‘I was hunched over and panting, like I had been winded’
With his no-nonsense delivery, Tom Wood sounds like he’s describing a routine injury rather than a pulmonary embolism that left the Northampton flanker unable to lie down for five days and his wife having her life insurance checked.
Pulmonary embolism is the result of a blocked blood vessel in your lungs, which can be life-threatening if not caught early enough. It is commonly associated with smokers, long-haul air travelers, and those who lead a sedentary lifestyle. Wood does not fit into any of these categories. The 33-year-old came out of lockdown in great shape and posted pictures of himself lifting homemade wooden barbel.
So there was no hint of a warning sign a month ago when he went to bed on a Tuesday night. Wood, who was soundly asleep, woke up at 5am with a burning chest pain that he couldn’t move. Another thing to note about Wood is that he is known even in rugby circles for having a ridiculously high pain threshold that has allowed him to make 200+ appearances for Northampton and in a 13 year professional career To collect 50 international matches in England. He broke more bones in his body than many people knew they existed.
So when he says that the pain he experienced that day was “right up there,” it can be assumed that it is the purest form of agony. “The symptom was really severe chest pain,” said Wood. “I couldn’t stand up straight. It folded me in half. I was hunched over and gasped like I’d been churned. I couldn’t sit up straight and open my chest. ”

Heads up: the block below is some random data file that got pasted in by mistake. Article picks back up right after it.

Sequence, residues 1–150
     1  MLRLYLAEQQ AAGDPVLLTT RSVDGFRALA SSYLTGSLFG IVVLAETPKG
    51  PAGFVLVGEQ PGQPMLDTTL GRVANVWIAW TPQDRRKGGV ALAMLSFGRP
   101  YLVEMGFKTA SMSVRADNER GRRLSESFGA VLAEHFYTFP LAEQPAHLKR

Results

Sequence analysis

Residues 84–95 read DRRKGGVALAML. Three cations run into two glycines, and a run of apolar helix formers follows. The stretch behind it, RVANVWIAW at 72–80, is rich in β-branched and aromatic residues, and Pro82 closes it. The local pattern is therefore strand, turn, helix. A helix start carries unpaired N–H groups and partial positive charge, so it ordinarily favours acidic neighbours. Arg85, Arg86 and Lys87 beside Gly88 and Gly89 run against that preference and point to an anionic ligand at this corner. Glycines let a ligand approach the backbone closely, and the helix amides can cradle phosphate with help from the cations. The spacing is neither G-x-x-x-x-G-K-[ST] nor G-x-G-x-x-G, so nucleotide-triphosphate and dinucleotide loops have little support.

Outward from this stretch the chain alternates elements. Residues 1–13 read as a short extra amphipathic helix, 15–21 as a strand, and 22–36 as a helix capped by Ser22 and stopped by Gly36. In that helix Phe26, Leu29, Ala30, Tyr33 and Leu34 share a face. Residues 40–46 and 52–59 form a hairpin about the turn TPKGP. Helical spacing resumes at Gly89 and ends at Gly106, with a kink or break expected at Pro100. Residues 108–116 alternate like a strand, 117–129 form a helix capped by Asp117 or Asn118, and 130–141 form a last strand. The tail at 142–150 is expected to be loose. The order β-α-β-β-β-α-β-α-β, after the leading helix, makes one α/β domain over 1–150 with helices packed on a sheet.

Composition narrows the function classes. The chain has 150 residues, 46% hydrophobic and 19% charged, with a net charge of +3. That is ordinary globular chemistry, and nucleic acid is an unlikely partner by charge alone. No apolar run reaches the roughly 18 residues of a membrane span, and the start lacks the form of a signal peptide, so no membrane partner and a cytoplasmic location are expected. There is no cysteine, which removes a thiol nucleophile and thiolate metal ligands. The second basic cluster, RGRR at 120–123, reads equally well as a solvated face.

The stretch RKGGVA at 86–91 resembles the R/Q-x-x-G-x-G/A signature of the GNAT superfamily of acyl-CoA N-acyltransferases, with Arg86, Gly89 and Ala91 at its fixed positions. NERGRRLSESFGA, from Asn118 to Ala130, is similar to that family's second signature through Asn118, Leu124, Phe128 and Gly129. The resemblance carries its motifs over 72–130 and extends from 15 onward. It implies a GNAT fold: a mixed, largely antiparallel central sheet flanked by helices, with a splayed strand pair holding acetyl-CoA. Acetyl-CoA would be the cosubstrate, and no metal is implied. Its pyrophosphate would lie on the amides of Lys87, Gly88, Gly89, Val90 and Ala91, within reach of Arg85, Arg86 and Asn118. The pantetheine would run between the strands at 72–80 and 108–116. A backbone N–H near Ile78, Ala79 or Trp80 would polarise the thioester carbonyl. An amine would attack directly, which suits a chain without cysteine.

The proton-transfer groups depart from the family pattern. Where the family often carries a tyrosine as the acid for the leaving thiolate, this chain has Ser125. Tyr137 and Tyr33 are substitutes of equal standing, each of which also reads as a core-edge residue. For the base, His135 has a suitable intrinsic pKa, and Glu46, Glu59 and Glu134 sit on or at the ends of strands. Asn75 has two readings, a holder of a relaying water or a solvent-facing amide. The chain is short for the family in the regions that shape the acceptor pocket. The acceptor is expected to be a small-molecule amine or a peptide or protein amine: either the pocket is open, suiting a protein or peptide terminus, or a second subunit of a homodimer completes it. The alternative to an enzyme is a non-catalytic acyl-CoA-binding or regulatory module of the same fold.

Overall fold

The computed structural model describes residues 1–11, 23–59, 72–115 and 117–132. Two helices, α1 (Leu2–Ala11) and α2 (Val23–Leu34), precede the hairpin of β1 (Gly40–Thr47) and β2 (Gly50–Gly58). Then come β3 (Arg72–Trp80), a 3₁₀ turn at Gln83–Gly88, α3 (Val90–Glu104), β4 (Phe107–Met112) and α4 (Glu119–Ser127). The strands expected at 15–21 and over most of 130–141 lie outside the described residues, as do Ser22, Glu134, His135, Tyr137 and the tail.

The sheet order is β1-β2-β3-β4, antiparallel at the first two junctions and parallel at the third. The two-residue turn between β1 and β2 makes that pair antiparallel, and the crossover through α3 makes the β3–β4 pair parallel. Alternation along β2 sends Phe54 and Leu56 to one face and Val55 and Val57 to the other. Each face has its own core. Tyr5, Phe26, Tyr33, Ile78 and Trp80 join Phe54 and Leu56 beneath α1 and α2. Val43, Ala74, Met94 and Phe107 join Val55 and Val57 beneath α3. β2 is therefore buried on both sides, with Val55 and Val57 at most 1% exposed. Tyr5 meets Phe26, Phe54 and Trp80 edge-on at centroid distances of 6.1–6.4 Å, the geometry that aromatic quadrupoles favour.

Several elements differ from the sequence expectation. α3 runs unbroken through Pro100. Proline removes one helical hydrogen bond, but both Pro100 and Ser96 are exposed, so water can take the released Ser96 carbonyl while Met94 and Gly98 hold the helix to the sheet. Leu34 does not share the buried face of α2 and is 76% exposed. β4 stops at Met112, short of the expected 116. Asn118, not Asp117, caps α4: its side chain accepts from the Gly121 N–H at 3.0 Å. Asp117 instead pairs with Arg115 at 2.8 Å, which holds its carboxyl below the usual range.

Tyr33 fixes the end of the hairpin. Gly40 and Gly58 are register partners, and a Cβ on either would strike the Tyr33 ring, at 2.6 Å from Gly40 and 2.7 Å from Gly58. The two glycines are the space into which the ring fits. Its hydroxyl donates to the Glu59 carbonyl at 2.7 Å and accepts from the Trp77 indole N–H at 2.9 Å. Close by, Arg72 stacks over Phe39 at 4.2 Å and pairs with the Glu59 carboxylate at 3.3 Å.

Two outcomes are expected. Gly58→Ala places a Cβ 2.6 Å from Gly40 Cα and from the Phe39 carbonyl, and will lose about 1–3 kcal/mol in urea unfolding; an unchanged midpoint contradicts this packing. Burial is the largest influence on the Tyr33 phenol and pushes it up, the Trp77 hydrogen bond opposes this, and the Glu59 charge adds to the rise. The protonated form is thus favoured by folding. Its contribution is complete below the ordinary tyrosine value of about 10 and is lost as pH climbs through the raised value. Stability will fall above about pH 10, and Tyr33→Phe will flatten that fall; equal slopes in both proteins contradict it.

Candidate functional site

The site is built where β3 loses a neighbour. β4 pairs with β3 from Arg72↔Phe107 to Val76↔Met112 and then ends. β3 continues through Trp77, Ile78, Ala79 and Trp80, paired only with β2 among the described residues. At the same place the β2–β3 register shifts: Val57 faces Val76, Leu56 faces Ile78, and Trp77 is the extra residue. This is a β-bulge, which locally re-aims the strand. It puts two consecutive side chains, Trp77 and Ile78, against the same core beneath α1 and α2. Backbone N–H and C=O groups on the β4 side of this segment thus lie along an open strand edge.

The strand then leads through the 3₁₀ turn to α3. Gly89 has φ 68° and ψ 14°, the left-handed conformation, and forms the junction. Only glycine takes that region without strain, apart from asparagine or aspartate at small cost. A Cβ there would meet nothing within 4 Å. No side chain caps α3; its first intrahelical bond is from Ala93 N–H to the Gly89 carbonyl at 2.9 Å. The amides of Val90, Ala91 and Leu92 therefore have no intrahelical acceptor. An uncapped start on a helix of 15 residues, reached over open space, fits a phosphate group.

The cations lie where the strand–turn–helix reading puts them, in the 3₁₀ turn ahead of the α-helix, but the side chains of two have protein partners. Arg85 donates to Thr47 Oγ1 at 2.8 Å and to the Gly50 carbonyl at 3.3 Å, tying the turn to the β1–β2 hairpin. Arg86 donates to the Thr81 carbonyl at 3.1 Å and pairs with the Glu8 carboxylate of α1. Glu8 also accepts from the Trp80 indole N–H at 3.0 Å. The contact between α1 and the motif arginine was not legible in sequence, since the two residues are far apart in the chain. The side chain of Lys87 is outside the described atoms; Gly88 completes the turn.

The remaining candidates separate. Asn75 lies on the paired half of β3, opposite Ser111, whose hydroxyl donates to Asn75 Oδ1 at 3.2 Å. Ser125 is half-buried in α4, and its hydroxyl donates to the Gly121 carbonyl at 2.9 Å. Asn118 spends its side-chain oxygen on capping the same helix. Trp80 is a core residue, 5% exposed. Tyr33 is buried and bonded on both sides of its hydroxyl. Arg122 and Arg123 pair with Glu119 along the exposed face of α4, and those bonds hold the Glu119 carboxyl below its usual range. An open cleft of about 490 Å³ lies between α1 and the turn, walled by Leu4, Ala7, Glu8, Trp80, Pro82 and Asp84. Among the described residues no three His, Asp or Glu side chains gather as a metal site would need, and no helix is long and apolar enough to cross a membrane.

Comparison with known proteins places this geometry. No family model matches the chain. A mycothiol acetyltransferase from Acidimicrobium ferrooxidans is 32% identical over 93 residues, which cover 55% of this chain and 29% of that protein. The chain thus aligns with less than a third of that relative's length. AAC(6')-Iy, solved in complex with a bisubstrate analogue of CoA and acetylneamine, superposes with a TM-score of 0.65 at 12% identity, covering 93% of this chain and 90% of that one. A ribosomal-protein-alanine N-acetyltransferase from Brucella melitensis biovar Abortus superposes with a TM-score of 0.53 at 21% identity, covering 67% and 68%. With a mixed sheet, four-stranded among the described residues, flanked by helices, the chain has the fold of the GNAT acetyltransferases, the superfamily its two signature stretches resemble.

Wood was taken to Northampton General Hospital and subjected to a series of tests. “It took them until about 2pm to find the problem and by then I felt like a cheat sitting there and feeling good on the morphine, but all the tests came back negative,” said Wood. “I thought ‘blimey, I wasted everyone’s time and made a big fuss about nothing’. Then they did a contrast CT scan, where they injected you with contrast material, and found the clot straight away. It wasn’t a scary big enough, but decent enough that they found it and put me on blood thinners right away. “
A clot from his calf had lodged in his lungs in what was known as a “heart attack.” Since it was otherwise healthy, he was released that afternoon, also because he was next to the Covid ward. However, he soon found that the pain medication prescribed for him was insufficient to contain his discomfort. “I don’t think it touched the sides,” said Wood. “I could probably have taken double or triple. I couldn’t lie on my back and sleep. I was in too much pain. I had to work incredibly hard to control my breathing. I couldn’t take a deep breath. I was panting and really had to work to get control of it so I could relax. “
Despite his situation, Wood insists that he stayed fairly calm even if his family feared the worst. “A lot of people have said, ‘God, you must have been scared or scared or whatever, but I wouldn’t describe it as one of those things,” Wood said. “I’m always pretty matter-of-fact. I don’t get too excited about these things – it’s more about my mother and wife who were a little beside themselves. The woman checked the life insurance and the will and everything was fine pretty quickly. “
After an overnight stay in the hospital, Wood was locked on his sofa for almost a week, mostly spending time watching the Netflix show Meat Eater. “I couldn’t get up from the sofa without having an episode,” said Wood. “I didn’t sleep in my own bed for four or five days because I couldn’t lie down. I had to sleep upright. “
After this episode, Wood did not experience any further symptoms. Within a week Wood was again training at his usual ferocity, but he is banned from contact training because of his blood thinners.
His return date has been set for the Premiership semi-finals, although he hopes to convince his agent to approve an earlier return. Otherwise, “I just need the guys to do a job and then I’ll come in at the last minute and do a John Terry.”